The parallel development of these movements contrasts with the history of revolution and women’s suffrage in America. While many women took part in the American Revolution that resulted in the colonies’ separation from British power, major victories for women’s civil rights, including suffrage, did not occur until a century after that revolutionary period. Rights for women were never explicitly tied to the agenda of American revolutionaries, or to demands made of the fledgling American government. In contrast, in early 20th-century Russia, the struggle for the vote happened simultaneously for both men and women.
This simultaneity compelled women to consider how the struggle for women’s rights would relate to the larger struggle for political change in Russia and vice-versa. Were women’s rights just one part of the larger movement, or a separate movement in its own right? Would women activists be best served by emphasizing their common ties to men fighting for political change, or by working on their own? These were questions that Russian women answered in many different ways.
During and preceding the revolutionary period, Russian women ran civic and charitable organizations, such as the Society for Cheap Lodging, a shelter for women escaping violence in the home. These groups sought to improve the lives of women in Russia, but how much did they connect women’s equality with larger struggles for social justice? Ruthchild argues that they did quite a bit, often fueled by their own experience of being held back from higher education or professional goals because of their gender (Ruthchild, 30-36).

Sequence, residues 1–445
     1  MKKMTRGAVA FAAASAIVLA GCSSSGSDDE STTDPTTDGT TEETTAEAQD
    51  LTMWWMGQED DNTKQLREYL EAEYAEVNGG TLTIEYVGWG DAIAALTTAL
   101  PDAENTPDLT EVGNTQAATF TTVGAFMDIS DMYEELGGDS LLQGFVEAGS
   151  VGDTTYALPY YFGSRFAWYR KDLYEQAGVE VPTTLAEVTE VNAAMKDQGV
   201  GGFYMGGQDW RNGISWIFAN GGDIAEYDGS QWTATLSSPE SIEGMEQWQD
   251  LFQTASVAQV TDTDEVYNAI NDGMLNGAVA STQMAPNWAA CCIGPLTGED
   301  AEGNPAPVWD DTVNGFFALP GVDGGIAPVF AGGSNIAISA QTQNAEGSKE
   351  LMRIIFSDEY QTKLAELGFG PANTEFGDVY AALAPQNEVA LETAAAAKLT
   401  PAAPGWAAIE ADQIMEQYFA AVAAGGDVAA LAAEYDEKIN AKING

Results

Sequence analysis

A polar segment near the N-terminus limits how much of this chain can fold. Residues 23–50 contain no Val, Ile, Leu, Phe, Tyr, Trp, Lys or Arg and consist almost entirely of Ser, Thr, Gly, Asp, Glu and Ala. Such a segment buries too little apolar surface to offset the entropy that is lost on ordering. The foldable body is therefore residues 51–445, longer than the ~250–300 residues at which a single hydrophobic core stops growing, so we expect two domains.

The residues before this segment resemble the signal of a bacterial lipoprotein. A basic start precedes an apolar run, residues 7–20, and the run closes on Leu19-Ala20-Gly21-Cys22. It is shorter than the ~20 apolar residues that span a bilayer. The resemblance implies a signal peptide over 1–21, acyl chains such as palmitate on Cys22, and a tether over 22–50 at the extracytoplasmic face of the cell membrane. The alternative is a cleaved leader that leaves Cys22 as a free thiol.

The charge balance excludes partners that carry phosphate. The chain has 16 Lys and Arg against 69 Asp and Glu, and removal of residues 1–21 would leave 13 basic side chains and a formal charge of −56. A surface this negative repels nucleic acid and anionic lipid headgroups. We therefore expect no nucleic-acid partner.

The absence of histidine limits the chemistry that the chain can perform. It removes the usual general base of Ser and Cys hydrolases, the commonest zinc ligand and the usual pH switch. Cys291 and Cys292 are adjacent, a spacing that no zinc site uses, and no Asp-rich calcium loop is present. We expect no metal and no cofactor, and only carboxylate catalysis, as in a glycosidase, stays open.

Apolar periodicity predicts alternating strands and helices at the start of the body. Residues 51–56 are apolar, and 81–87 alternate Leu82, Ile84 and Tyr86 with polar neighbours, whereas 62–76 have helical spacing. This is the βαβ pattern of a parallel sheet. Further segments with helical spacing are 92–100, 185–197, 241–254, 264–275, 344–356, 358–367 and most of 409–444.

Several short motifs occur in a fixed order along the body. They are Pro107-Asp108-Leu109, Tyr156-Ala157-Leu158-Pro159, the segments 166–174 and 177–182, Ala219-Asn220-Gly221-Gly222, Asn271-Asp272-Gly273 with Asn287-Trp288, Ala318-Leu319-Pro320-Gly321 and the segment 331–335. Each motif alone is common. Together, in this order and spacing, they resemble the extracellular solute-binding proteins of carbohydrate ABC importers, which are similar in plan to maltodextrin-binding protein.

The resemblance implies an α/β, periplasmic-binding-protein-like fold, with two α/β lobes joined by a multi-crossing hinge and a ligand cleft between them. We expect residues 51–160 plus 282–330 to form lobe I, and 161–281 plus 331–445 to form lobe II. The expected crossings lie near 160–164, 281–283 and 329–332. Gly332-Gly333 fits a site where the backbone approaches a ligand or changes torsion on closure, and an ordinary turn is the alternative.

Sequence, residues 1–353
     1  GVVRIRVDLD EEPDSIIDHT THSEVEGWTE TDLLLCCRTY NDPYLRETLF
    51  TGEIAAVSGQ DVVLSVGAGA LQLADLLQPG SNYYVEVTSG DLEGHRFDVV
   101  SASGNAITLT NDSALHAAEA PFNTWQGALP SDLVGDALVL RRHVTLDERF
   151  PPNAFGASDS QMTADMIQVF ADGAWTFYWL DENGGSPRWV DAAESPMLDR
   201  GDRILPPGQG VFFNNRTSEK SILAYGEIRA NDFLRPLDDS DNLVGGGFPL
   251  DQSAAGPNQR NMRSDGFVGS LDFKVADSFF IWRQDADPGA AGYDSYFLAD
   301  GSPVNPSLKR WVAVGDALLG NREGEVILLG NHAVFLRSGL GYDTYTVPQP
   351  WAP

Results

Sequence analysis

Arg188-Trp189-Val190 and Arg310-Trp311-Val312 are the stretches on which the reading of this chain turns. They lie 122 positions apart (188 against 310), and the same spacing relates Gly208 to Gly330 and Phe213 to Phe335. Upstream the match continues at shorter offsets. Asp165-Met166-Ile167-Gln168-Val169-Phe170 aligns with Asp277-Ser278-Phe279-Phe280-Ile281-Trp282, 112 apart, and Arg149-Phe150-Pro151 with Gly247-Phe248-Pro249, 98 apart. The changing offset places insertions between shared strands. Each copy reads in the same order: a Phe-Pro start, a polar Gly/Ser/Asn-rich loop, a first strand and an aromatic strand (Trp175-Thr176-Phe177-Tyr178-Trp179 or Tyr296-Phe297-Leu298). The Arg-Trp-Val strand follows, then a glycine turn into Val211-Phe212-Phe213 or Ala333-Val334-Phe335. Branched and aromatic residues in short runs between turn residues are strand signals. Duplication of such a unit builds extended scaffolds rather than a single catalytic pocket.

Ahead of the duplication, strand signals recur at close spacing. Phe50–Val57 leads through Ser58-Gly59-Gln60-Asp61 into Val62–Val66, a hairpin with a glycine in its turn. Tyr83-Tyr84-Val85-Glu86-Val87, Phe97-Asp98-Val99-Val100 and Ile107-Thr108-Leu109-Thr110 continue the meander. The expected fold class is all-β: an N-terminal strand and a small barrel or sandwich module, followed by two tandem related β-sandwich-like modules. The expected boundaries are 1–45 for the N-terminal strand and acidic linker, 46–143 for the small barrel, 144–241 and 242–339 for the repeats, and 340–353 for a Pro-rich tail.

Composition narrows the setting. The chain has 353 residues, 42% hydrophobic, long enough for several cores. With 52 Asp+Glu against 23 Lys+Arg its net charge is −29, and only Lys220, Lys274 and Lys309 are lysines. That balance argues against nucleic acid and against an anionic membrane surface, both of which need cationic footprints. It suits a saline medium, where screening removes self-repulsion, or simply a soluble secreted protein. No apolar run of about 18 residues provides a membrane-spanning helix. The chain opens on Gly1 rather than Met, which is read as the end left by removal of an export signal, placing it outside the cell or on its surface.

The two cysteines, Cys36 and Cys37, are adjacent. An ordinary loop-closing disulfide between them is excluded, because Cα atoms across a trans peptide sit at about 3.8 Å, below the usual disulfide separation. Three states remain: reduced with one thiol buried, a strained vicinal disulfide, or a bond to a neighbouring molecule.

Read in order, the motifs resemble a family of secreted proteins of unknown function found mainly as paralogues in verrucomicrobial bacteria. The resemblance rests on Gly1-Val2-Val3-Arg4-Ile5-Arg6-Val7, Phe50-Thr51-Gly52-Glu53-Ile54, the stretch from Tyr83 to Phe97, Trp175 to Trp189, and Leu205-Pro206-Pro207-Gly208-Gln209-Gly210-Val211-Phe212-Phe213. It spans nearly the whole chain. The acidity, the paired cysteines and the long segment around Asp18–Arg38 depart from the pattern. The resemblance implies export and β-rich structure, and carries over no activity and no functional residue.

After 1905 more radical groups began to emerge. The Women’s Equal Rights Union, the first women’s political group devoted to achieving equal rights for women, appeared soon after “Bloody Sunday,” the massacre of unarmed demonstrators protesting against the imperial Tsar Nicholas II. The union was particularly broad in its influence and makeup, including women from many political backgrounds, and deliberately framed its focus on women’s rights as part of the larger struggle for political liberation from the Tsarist regime (Ibid, 47). From here the momentum of women organizers grew, but the complexities of differing priorities and loyalties increased as well.
While grassroots organizing and publications flourished, institutional recognition of women’s rights was difficult to obtain. This became clear during proceedings of the Duma, a parliamentary council the tsarist government was pressured to convoke following the Revolution of 1905. Increased citizen participation in governance was the focus of these assemblies, and women had high hopes that this would naturally include support for their own right to vote. Would the call for “universal suffrage” from the Duma be truly universal? Women were barred from voting or holding office in the Duma, and so had to rely on their ability to influence male members of the legislative body. The question of women’s suffrage was given significant time and attention, and parties such as the Trudoviks argued to explicitly include women in the written demands for political rights. Opposition from other groups, however, led to more debate than action even before the assemblies were dissolved by Tsar Nicholas (Ibid, 71-101).